By Janice Flegle, Instructor at American Public University
My husband is one of those people who gets really excited about almost everything. After almost 45 years of marriage his excitement is something that I have come to expect. So when he told me in November 2013 that the Federal Communication Commission (FCC) had opened a two week window for applications for FM radio stations in underserved communities, I gave him my usual answer of “That’s great, honey.”
Larry began working in radio when he was 15 years old and has an undergraduate degree in broadcasting. I’m pretty sure that his EKG pattern looks like a digital signal. Radio is a part of his DNA.
So, I was not at all surprised when he pointed out that our weekend get-away house in the North Georgia Mountains is one of the underserved communities. It is in a beautiful area and we love spending time there. The FCC requires station owners to live within 20 miles of the radio station so technically we qualified to apply for the station because of the property that we owned.
Larry wanted to apply for a license but we had just built a beautiful retirement home which I love. I didn’t want to move to Blairsville full time. He assured me that we wouldn’t actually have to move. I knew that there would be thousands of applications for the few radio frequencies that were available and I figured we wouldn’t get the license anyway; so, I agreed to apply for the license.
I assumed that this would go the way of learning to play the banjo, geocaching, and restoring an antique car--he would be excited for a few weeks and then move on to his next great adventure. Follow through is usually not his strong suit.
In January 2014, the FCC had begun granting the new radio station licenses and my husband spent 20 hours of every day looking at the FCC website to see if our license was granted. We heard nothing for the first two weeks and he was becoming more anxious every day.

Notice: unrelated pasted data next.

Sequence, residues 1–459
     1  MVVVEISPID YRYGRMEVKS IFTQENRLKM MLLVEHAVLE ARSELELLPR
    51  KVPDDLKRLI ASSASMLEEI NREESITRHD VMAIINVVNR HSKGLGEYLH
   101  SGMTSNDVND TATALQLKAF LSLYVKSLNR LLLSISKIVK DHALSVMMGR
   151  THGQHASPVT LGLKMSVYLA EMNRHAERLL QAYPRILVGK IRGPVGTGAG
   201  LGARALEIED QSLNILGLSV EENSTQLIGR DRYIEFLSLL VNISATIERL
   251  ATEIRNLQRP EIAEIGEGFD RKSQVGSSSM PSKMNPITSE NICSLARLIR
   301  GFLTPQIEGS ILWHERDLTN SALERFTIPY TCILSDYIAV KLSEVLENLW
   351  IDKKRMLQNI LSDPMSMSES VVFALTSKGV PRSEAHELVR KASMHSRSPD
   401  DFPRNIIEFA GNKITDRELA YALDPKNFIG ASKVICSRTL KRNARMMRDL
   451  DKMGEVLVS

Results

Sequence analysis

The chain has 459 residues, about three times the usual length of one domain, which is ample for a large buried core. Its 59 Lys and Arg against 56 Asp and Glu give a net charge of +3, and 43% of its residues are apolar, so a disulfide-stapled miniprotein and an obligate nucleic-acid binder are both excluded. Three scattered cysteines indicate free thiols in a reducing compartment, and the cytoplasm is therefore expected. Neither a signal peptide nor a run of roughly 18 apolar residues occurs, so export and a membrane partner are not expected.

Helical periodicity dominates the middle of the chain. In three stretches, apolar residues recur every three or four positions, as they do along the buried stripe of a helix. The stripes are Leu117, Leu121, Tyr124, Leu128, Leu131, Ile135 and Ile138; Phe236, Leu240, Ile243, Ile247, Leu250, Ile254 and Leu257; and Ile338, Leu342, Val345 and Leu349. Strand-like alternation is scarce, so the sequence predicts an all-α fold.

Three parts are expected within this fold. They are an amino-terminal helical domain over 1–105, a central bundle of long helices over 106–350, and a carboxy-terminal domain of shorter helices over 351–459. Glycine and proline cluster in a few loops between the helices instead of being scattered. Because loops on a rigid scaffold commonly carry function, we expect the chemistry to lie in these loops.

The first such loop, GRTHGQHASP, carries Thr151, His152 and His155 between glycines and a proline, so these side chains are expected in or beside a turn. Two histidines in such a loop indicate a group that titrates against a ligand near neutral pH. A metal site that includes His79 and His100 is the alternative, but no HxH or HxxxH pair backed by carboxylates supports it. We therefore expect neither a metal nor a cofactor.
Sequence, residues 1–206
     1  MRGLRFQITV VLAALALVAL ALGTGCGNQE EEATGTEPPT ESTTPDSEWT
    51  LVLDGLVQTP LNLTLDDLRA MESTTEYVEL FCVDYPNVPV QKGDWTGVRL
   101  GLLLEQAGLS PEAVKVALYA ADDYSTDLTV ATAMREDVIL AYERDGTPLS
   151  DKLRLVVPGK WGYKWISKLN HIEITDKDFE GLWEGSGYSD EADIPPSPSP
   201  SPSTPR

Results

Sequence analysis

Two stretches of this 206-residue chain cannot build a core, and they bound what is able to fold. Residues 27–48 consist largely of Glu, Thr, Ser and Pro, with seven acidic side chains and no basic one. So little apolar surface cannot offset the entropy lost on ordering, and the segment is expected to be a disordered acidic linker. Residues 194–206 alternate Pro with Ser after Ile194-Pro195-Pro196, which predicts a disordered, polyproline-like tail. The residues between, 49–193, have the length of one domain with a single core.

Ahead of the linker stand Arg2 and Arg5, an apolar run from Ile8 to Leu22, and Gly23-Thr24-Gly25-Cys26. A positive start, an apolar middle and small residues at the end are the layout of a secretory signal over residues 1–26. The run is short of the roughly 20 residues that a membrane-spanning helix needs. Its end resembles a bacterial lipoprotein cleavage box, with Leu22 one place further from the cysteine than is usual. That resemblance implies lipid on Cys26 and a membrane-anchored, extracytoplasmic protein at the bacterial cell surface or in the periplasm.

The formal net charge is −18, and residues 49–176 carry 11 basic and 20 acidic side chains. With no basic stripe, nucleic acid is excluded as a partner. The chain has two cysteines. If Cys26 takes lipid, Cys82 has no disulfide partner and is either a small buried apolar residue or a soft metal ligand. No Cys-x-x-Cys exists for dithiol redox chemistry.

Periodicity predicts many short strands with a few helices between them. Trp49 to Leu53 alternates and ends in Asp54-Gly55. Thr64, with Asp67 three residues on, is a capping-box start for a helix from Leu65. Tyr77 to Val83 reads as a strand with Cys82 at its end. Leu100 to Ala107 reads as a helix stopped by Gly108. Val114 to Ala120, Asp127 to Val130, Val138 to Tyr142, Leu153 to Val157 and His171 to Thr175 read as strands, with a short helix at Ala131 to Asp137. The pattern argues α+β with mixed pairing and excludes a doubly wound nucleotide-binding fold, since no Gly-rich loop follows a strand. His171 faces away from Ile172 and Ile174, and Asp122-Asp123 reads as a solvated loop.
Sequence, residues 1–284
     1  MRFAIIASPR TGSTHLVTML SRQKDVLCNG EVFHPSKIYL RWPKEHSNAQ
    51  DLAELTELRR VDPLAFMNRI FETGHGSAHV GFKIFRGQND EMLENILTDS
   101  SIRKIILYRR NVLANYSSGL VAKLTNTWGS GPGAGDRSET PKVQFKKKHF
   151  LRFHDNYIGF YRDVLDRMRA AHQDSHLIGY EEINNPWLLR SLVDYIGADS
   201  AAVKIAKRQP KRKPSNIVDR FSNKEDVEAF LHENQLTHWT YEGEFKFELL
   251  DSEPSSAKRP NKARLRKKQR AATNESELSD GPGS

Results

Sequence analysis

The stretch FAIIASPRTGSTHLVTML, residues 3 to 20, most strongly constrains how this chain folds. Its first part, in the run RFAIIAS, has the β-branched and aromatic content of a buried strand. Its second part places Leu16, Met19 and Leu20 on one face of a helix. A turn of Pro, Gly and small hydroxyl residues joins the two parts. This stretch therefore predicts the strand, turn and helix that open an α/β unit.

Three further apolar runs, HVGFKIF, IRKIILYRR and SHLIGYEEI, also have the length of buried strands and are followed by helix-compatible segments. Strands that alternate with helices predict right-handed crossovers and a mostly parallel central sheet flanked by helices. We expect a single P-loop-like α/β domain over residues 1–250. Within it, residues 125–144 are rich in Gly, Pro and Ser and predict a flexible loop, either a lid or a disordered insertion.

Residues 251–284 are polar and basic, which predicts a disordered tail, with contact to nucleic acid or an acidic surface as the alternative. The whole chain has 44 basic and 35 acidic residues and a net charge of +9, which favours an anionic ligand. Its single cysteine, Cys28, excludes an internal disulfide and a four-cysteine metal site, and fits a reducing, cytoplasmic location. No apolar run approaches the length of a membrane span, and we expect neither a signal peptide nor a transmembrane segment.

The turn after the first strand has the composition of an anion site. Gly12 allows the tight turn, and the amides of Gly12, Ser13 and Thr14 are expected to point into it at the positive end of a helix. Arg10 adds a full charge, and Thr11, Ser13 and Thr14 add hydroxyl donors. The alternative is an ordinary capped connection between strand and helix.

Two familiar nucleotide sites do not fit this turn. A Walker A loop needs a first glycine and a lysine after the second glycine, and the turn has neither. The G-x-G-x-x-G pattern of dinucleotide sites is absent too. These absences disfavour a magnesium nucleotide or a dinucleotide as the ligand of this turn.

One afternoon he decided that he was not accomplishing much by hanging out on the FCC website so he decided to go get the car washed. A few minutes after he left I got a phone call which my caller ID said was Larry but the person on the other end sounded somewhat deranged. He kept saying over and over, “Our license was granted!” I thought, “Oh, my, what have I done?”
About a week later an entire radio station arrived at our home in very large boxes that camped out in the foyer for about a week. I finally told Larry that he had to move the boxes out of the foyer so now they are in the formal dining room. I did put my foot down on having the 100 foot tower come into the dining room! I was just informed that two antennas will be delivered next week.
We have also learned that we must not only own property but must actually live within 20 miles of the transmitter. So, in addition to everything else, we are in the process of selling one house, buying another one, renovating my lovely mountain get-away cottage into a radio station on the first floor and an apartment on the second floor. We will live in the apartment until we get the station on the air and can either find a house that we like or build a house.
Although this has been much more work for me than I had anticipated (I do have a way of getting pulled into his projects), I am beginning to share Larry’s excitement about WUCG, 93.1 on your FM dial, the voice of Blairsville. This small community has never had a radio station and they are almost as excited as Larry is about this new venture.
We plan to begin broadcasting on July 4. I had thought that we would retire next year and spend time relaxing and having fun. Instead we are starting a new business and moving to a new town. We both feel that this experience starting and managing a small business will greatly enhance the hands-on experience that we are able to bring to our students as we continue to teach full time at American Public University.
I hope that this is the last crazy thing I let my husband talk me into!
About the Author
Jan Flegle and her husband, Larry, live in the metropolitan Atlanta, GA area in Canton, GA. She worked in nursing and healthcare management for 20 years. For her midlife crisis she decided to change careers and got a BS degree in information systems from Kennesaw State University. She worked in healthcare information technology management for 12 years. In 2006 she decided it was time for another career change and went back to school and got an MBA in management and finance from Kaplan University. She has also done post graduate work in Information Technology at American Public University. Also at APU, she is an instructor for College 100. Jan and Larry and I have been married for 45 years and they have one daughter who also lives in Decatur, GA.
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